Rather than looking back after an event and wishing we had taken the time to enjoy memories in the making, why not plan parties that allow us to enjoy memories as they happen? Parties can incorporate fun techniques for capturing memories. Oftentimes, guests will enjoy these activities so much that they will quickly become traditions.
Size does matter
You might host an afternoon tea with light refreshments. Ask your older relatives to leave their gelatin molds at home and instead bring a favorite family photo to the event. When everyone is together, ask a particularly talkative relative to share his or her photo and story. This first story will likely jog the memory of others; soon everyone present will be sharing tales. If folks are willing, borrow the photos at party's end, make copies at a local pharmacy and compile a small photo album as a gift for all who attended. Most craft stores carry appropriate albums for only $1. These albums make great holiday, birthday or all-occasion gifts. Just be sure to handle precious photos with care and return them to their owners promptly.
Create a small, intimate atmosphere where the focus is on family, rather than frou-frou or food, and guests and hosts alike will have the opportunity to engage in meaningful conversations. A picture is worth a thousand words. Let your guests get into the action.
The gift of sharing
Rather than presenting Grandma with more stuff at her 80th birthday party, ask each guest to submit a letter or photo sharing a favorite memory, prior to the event. Compile the items into a scrapbook and present that to Grandma. Ask select guests to read from the book, so that everyone will get to enjoy the memories.
This gift of sharing isn't reserved for our oldest relatives and friends. A successful 40th birthday can be conducted like a baby. Instead of gifts (or along with gifts), the guest of honor can be showered with a funny story spun by each guest in attendance. Or one guest can tell a story from each decade of the person's life (a parent might begin with a baby story, a sibling with a childhood story, a good friend with a college yarn and a spouse with a current tale).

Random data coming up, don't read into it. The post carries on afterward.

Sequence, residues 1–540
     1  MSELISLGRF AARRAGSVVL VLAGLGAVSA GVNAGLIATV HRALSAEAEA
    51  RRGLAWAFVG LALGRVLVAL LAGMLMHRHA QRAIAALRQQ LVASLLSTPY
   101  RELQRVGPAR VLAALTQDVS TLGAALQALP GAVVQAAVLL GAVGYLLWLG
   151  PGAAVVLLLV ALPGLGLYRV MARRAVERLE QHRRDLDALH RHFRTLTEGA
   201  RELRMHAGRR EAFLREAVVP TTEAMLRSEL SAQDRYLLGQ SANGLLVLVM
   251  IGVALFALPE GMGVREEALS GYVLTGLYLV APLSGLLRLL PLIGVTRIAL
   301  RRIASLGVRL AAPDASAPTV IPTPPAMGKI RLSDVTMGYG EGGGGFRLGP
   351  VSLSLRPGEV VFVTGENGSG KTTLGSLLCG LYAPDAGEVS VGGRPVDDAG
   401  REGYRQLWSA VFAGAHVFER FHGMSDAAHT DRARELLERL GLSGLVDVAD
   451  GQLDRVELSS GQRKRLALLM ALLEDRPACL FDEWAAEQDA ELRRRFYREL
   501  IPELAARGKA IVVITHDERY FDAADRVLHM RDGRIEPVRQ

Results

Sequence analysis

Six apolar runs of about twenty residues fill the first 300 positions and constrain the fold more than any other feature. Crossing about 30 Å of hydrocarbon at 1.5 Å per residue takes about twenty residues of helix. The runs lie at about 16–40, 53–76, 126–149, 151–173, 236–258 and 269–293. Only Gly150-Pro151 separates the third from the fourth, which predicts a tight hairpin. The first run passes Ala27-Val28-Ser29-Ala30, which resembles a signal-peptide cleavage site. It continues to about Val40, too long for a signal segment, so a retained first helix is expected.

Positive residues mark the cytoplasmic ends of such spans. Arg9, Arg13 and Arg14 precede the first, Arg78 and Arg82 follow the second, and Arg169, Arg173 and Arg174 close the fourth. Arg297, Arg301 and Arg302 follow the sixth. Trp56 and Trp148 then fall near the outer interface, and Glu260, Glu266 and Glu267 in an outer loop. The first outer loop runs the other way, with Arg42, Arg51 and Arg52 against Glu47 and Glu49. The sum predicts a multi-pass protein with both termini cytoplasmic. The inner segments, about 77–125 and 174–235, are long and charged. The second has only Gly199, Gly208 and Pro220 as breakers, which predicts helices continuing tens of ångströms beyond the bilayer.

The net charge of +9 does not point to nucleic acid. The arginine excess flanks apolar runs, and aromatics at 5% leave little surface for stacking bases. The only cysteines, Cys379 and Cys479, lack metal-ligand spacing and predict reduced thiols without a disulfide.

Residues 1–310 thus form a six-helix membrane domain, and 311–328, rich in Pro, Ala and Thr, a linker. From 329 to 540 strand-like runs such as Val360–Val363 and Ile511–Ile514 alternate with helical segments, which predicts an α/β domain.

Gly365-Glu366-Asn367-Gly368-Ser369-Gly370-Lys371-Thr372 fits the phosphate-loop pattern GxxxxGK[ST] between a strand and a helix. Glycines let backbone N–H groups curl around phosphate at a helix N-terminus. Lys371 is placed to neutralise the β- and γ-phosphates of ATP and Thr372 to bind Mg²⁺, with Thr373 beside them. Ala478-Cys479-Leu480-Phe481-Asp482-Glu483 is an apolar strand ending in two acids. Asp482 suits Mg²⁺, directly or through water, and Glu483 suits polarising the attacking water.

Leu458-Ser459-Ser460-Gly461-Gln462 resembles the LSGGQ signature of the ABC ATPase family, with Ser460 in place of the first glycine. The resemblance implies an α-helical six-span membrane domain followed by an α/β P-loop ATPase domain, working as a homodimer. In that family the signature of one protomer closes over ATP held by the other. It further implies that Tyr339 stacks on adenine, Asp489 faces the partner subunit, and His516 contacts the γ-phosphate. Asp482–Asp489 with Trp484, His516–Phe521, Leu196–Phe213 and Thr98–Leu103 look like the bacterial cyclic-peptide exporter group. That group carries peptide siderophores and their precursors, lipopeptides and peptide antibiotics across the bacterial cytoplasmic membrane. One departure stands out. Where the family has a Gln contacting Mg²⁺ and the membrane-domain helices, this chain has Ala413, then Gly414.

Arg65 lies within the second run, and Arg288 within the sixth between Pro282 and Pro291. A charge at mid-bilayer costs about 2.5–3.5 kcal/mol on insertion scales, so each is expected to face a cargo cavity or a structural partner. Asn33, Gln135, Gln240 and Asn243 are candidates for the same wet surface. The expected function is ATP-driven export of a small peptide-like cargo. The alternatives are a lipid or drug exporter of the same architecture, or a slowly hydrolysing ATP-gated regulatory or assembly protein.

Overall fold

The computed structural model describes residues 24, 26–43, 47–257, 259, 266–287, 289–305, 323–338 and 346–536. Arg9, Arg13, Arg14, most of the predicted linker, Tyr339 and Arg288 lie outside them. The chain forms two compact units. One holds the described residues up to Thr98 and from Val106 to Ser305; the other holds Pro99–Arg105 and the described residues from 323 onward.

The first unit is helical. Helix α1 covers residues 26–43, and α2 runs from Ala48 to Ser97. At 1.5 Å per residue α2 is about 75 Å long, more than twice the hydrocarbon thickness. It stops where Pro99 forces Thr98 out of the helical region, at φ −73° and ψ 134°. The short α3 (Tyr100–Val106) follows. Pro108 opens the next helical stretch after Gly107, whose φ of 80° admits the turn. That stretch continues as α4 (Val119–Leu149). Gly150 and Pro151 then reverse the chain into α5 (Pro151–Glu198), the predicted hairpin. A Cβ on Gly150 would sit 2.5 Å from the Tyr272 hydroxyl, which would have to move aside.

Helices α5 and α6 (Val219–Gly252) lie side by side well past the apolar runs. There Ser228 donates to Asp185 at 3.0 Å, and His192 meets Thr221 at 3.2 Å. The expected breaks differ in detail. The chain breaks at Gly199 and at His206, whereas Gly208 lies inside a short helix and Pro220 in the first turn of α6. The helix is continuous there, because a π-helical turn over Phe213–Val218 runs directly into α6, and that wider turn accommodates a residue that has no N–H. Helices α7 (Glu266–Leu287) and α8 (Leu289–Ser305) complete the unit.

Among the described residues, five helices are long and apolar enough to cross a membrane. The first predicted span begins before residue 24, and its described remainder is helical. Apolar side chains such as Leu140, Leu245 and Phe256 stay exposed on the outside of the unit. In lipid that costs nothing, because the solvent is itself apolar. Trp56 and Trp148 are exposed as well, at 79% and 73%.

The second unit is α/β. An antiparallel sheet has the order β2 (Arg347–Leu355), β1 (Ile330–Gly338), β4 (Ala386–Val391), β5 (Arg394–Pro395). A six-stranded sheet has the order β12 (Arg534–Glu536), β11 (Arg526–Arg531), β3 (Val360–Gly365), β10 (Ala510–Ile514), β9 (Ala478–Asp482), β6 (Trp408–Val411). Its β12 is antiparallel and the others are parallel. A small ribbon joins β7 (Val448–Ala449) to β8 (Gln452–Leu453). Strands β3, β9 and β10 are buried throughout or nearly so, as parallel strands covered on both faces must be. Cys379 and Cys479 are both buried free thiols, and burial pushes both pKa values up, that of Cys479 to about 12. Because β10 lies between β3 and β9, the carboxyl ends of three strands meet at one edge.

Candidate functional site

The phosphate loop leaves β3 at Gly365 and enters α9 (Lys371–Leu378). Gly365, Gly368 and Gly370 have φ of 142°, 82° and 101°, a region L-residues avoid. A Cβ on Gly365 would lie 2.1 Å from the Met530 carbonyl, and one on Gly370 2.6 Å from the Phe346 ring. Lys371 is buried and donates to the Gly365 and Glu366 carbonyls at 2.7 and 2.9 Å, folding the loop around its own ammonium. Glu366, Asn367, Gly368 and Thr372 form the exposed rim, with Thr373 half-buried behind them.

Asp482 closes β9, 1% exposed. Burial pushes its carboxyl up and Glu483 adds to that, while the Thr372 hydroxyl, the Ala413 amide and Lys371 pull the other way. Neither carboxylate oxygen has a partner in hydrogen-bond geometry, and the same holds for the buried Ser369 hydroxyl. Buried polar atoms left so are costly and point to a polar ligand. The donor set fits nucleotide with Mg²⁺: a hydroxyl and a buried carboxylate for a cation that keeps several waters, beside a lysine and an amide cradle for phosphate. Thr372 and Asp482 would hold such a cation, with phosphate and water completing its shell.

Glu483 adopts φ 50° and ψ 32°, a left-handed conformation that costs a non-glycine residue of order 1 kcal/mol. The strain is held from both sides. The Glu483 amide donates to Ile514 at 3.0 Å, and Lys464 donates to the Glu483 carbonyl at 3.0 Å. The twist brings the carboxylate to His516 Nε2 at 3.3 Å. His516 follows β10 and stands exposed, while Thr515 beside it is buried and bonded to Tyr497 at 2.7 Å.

As long as guests know what they'll be expected to bring to a sharing party beforehand, this type of event can be very memorable. It's easier on guests' wallets too.
Don't force the fun
If your family is reluctant, begin with more subtle approaches (like table cameras) and work your way up to the full-on. photo-sharing tea party.
Although folks may at first be uncertain, usually once the ice is broken, people enjoy themselves immensely at a memory-focused event. Consider speaking with a particularly boisterous family member before the party to see if he or she will agree to help you kick things off with a story. Usually, having someone take the first step is the key to successful sharing.
Sometimes the best memories happen when we aren't looking for them. Plan a great memory-making party, but don't sacrifice spontaneity for structure at the expense of your guests' enjoyment.
Memories are free, yet they are among the most priceless gifts one can give or receive. Be creative. Think outside the traditional party structure, and you'll come up with countless ways to craft an unforgettable event.
Many people may not be used to the less-traditional aspects of a memory-making event. Some people don't like to speak in public or have their pictures taken. We've all been invited to parties for people who "have everything." Particularly with older folks, who may have their homes decorated to the gills and don't need yet another serving platter or knick-knack, an "in lieu of gifts" party can be ideal.
Disposable-camera photography is not just for wedding receptions anymore. If your gathering is a bit larger, buy some disposable cameras and intersperse them throughout the venue, with notes attached asking guests to snap at will. Collect the cameras at event's end and you'll have an automatic record of your party, without ever having had to lift a finger. Candid photos taken by guests are an inexpensive way to capture the fun of your event for posterity.Don't be shy when it comes to taking a group photo of guests. Although many people may at first be reluctant to pose, a little cajoling usually proves well worth the memorable results. Particularly for annual family gatherings, a group photo can become a priceless record, sometimes the only record, of those we love and lose from year to year.
Although hosting large bashes can be great fun, consider hosting a greater number of small, intimate events. Rather than having a gigantic party with all of your cousins, aunts, uncles, grandparents, etc., host one event with your peer group (or join them for a dinner out at a trendy restaurant) and hold a separate event for your parents' and grandparents' generations.
Keeping things casual and planning ahead of time will make it easy for you to host a party. A thoughtful menu and guest list will make hosting a party run smoothly.
Living in a rural community, we have no local theaters, malls, or "teen clubs." When he was little, our son Vince attended a bevy of birthday parties, and of course I hosted his annual event at a variety of venues.
You as the holiday party host always want to make sure your guests are happy and satisfied at your party. But it's not easy task to host a party alone and accomplish this. In fact it can be overwhelming.